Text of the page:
Senate 29: Count Cole In
One well-placed source says definitely that David Cole is “all in” for Senate 29. The current incumbent, Sen. David Sater, is termed.
Cole is an attorney, and former chair of the Republican State Party. Other names have been mentioned for the seat – like Rep. Mike Moon, for example. But Cole becomes the immediate front-runner as he will be able to raise significant money, and quickly corral community endorsements.
Another question mark for 2020 Senate races has been Senate 9 where Sen. Kiki Curls is term limited. One lobbyist suggested that we may see Rep. DaRon McGee move into her district and run. We’ll see if that happens, but it would have the ancillary effect of avoiding a primary with Rep. Greg Razer in Senate 7 (Holsman termed).
Senate Treads Water
The Senate worked three difficult bills and failed to move any of them forward yesterday. That’s the Senate process. It takes time.
· Sen. David Sater’s changes to the initiative petition process was debated for hours before being laid over.
· Sen. Dan Hegeman’s extension and expansion of the FRA tax was debated for hours before being laid over
· Sen. Jeanie Riddle’s tort reform measure was debated for hours before being laid over.
The most interesting episode within the day was with Hegeman’s FRA bill, SB 29. Sen. Bill Eigel, and the Conservative Caucus, stood in opposition because it includes a new tax on managed care programs. The tax is relatively modest - $20-$30 per plan per year – and would be used to bolster the budget with matching federal funds.
For Eigel and others, though, it’s a new tax. And ideologically, feeling that government is big enough (or already too big), they oppose new taxes.
An alternative view is that taxes are neither good or bad. Like guns or airplanes, they are morally neutral. They become good or bad depending how they are used. A particular tax is judged good or bad according to how its benefits and costs are weighed.
Eigel hit upon a potential compromise and offered it: to add work requirements for Medicaid recipients. This is something Republicans have pushed for. Yet when the vote came, half of the Senate Republican Caucus voted against the amendment.
AYES: Brown, Burlison, Eigel, Emery, Hoskins, Koenig, Luetkemeyer, O’Laughlin, Onder, Romine, Sater, and Wallingford.
NAYS: Arthur, Bernskoetter, Cierpiot, Crawford, Cunningham, Curls, Hegeman, Holsman, Hough, Libla, May, Nasheed, Riddle, Rizzo, Rowden, Schatz, Schupp, Sifton, Walsh, White, Wieland, and Williams.
Why did half the Republican caucus balk at the compromise?
Perhaps it was out of respect for the Appropriations Chair, an effort to keep his bill clean and make it easier to pass.
One building denizen suggested it was “more that they were all pissed that Eigel was trying to hijack the FRA. [That’s why] your own caucus will vote against something they all absolutely believe in.”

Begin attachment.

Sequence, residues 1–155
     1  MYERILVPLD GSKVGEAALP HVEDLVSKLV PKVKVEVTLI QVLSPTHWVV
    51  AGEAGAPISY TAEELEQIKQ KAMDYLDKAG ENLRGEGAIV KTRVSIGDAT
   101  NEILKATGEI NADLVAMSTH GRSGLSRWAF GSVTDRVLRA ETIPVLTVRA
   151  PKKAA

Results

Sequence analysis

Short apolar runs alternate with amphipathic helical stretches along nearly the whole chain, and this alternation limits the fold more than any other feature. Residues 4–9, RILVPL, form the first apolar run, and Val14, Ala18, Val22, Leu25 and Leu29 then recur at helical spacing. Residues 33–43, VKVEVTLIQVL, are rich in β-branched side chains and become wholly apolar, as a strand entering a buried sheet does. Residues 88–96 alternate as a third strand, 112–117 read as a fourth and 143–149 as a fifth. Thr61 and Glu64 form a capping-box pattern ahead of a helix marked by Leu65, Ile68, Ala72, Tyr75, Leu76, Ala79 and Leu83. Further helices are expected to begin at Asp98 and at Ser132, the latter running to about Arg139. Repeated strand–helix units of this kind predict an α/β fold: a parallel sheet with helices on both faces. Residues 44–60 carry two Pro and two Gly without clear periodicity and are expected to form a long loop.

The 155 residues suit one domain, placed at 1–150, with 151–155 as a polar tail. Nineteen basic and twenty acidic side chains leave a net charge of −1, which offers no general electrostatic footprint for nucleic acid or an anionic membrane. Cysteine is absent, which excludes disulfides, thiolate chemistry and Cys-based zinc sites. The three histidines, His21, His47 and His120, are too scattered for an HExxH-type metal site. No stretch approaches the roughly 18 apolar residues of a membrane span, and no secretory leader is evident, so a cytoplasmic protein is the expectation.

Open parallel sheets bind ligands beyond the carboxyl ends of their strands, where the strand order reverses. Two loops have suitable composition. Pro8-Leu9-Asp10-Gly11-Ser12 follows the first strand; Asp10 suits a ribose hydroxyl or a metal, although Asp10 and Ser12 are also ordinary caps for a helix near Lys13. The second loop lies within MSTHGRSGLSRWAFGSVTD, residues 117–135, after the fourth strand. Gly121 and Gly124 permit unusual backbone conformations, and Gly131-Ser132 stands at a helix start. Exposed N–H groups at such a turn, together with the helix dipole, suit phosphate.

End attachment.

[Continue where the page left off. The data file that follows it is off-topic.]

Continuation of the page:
What It Means
The FRA extension is critical. There is still plenty of time for this to get worked out, but obviously the easily path is to simply drop the new managed care tax.
Kansas City Star reports that, despite previous assurances, common sense is correct that you’re going to need eminent domain to run a futuristic travel machine from one end of the state to the other. See their story here.
One lobbyist profanely shook his head: The speaker should hand someone their a** for feeding him a load of bs and getting him to repeat it at a press conference. Especially in light of his rally against eminent domain for energy generation yesterday. $10 billion + eminent domain = no f**king way.
Something Fishy in Parma
Statement from the Auditor’s Office: Missouri State Auditor Nicole Galloway today announced she will accept a request by the City of Parma in New Madrid County to audit questionable financial activity… The State Auditor's office was contacted through the Whistleblower Hotline about concerns related to the city operations under the mayor. After an investigation, the allegations were found to be credible. The mayor lost reelection earlier this month and a new mayor and city council member were sworn in Tuesday (April 16). Public officials in Parma have requested an audit, and the city will formally make the request at a special meeting on Thursday (April 18). Overnight, fire officials responded to several fires in the area. This included fires at the home of the former mayor, city hall and the police department. According to local news reports, arson is suspected.
The City of Parma is represented by Sen. Doug Libla and Rep. Don Rone.
Daily Revenue Watch
As of close of business April 16, state revenues were down $195 million or -2.76%.
St. Louis City Board of Alderman seeks Legislative Researcher. “Assists the Board of Aldermen with research and analysis of legislation and topics before the committees and full Board of Aldermen; Assists the Board of Aldermen with topical research on matters of public policy; Assists the Board of Aldermen and committees with drafting of bills, substitutes and amendments; Drafts reports for committees; Serves as a liaison with government agencies, legislative staff in other cities, and other organizations and experts; Monitors legislative activity by attending committee meetings and full Board of Aldermen meetings… Annual salary range: $28,000 – $30,000 plus medical benefits, life insurance and parking…” See it here.
Nucor Missouri PAC was formed. Its treasurer is Stephanie Garrett.
Jacqueline Bardgett, John Bardgett, Ericka Leonard, and Chris Roepe added Tellus Health Corp and Gregory Germano.
George “Cannevangelist TM” Everett Biswell added George E Biswell.
Rodney Gray, Tami Holliday, and Susan Henderson Moore added Nola Education LLC.
Nicole Luckey added Invenergy.
Ian Wrobel added Ian Wrobel.
Happy birthdays to Nate Walker, Mike Colona (the big 5-0), Amanda Good, Maria Altman, Jane Bogetto, Lori Becker, Aaron Hedlund, Elizabeth Weber, and Charlie Hinderliter.